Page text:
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The current main focus of palliative and end-of-life care is still on cancer patients and hospices, but even then, Macmillan Cancer Support research shows that 91% of cancer patients in England who die in hospital wanted to die elsewhere, with 65% wanting to die in their own homes. Only 29% of people with cancer are able to be at home when they die. The amendment of my noble friend Lord Warner seeks to specify in the Bill that regulations may include the right for an NHS patient to die in the place they regard as home or their normal residence. As he readily acknowledges, this can be achieved only if end-of-life care is integrated across the NHS, local councils and hospices, and if it is properly funded. His case for an integrated service for free end-of-life care for terminally ill people who are likely to die within six months is a convincing one.

Macmillan’s research among health and social care professionals shows that 97% identify the lack of financial integration between the services as a key barrier to people receiving the care they need at the end of life. As the noble Baroness, Lady Jolly, reminded us, the Nuffield’s and other research projects point strongly to the cost-effectiveness and potential savings that could be achieved with greater access to social care and reduced hospital admissions at the end of life. The Nuffield research also found that the use of social care currently varies between local authorities and health conditions—for example, people with dementia, falls and stroke use considerably more social care in community settings than those with cancer, probably because that is where they are already being cared for before terminal illness has been diagnosed. Individuals with the highest social care costs tend to have lower average hospital costs.

We fully recognise how crucial the seven adult palliative care funding pilots are to mapping and understanding current patterns and resource use across health and social care at end of life, and to collecting the vital data from which the costs of an integrated end-of-life care system can be properly assessed. These data span across care provided by the NHS, voluntary and private sector in both acute and community settings. The final data analysis report for the adult pilots and the consortium pilot for children’s palliative care services is due in June 2014, and the Government are committed to introduce a new per patient funding system for palliative care by April 2015. Can the Minister update the House on the progress being made under the pilots, the emerging key themes and whether the timescale has been impacted by the recent transfer of responsibility to NHS England? I understand that there is a problem with progress and that the pilots have only recently been provided with guidance on social care data collection—for example, as regards where data are underdeveloped and will probably take longest to collect. Is the Minister confident that the timescale for pilot reports, evaluation, policy decision and consultation can be met in time for implementation and that the Government will make a decision on free end-of-life care by the end of this Parliament?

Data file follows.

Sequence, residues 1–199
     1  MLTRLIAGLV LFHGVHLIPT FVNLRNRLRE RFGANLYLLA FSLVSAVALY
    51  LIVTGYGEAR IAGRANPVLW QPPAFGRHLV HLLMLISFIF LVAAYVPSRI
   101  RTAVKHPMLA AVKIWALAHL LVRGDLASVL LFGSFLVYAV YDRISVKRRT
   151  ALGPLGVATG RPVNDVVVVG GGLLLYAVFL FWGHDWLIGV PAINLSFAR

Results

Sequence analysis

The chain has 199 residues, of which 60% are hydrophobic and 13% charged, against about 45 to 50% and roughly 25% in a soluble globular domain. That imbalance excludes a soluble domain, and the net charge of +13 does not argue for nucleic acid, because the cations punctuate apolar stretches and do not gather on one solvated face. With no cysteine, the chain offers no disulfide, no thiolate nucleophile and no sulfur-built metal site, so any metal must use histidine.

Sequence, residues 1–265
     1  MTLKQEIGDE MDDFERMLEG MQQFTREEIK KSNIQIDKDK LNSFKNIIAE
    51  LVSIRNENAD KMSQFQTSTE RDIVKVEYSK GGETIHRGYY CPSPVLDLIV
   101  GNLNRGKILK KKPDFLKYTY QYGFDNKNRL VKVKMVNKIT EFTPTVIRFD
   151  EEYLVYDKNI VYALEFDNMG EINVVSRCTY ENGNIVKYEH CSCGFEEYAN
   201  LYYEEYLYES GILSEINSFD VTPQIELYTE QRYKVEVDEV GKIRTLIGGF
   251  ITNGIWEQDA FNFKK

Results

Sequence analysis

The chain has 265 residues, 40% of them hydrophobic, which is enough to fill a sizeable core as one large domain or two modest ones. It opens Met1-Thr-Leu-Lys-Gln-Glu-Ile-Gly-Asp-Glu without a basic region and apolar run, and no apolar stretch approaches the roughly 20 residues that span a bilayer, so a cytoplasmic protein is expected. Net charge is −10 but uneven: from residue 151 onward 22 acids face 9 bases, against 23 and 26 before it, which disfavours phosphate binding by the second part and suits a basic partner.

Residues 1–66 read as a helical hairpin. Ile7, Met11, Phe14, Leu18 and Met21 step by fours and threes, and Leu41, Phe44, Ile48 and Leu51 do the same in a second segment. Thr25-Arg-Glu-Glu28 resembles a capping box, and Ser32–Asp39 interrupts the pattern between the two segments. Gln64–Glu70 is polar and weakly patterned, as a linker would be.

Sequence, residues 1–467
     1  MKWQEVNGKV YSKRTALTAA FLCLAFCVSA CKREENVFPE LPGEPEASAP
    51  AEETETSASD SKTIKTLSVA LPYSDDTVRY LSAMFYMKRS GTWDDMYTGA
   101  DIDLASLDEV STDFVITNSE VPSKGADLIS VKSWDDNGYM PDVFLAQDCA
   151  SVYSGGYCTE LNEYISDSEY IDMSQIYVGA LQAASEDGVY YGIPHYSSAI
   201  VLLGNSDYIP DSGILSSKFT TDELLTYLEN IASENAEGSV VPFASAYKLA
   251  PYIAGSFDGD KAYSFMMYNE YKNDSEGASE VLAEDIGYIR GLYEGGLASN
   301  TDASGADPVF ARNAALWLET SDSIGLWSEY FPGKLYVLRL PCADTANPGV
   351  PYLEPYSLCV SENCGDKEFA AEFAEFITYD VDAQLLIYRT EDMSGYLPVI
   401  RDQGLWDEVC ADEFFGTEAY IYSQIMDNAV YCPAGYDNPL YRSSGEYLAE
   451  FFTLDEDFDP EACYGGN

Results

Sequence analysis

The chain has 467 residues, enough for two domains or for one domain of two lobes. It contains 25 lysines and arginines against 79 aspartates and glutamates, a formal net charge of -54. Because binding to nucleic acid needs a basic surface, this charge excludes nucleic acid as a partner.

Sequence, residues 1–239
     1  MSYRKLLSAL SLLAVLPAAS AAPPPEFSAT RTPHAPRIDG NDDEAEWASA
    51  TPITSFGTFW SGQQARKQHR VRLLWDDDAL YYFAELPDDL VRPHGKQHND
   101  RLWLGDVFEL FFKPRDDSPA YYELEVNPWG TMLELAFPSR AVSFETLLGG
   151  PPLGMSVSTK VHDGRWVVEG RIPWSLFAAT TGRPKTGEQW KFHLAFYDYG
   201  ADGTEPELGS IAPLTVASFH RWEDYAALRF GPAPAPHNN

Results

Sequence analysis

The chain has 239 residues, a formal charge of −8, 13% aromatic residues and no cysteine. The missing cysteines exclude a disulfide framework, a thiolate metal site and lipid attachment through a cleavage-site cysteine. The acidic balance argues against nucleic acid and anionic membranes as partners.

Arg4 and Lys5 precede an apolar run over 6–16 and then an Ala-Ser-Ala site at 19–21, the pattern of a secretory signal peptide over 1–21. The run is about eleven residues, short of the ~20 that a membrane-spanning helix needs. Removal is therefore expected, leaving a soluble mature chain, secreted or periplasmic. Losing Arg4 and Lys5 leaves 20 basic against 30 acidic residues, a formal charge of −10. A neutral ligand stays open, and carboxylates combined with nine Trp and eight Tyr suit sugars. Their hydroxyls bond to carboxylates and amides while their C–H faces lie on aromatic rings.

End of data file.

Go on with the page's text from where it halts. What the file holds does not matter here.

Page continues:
Finally, two further issues need to be added to the debate. First, my noble friend Lady Pitkeathley reminded us of the recent Carers UK Carers Week survey which shows that much more support is needed for carers to help them plan for the end-of-life care of the person

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for whom they are caring. Many do not know how to plan for the death of a loved one and how to look ahead to life when caring ends in terms of returning to or taking up work, making social contacts and managing financially. My noble friend was right to underline how crucial it is to get this support right.

Secondly, it is as well to remember the findings of last month’s report from Public Health England and Marie Curie Cancer Care on palliative and end-of-life care for black, Asian and minority groups in the UK. It is a timely reminder that, with black, Asian and BME groups aged 65 and over set to treble in the next 25 years, there is urgent need to address the reasons for their low levels of use of palliative and end-of-life care services. The report identifies major problems, including lack of knowledge about services, misunderstandings, mistrust and lack of cultural sensitivity on the part of service providers. How are the Government addressing this issue and including it in their work to assess future service needs and funding? Are the pilots collecting data on these vital issues?

6.45 pm

Earl Howe: My Lords, I thank the noble Lord, Lord Warner, for tabling these amendments which bring us to an important and sensitive set of issues. The Government have great sympathy with these concerns and I hope that I can reassure the Committee on them.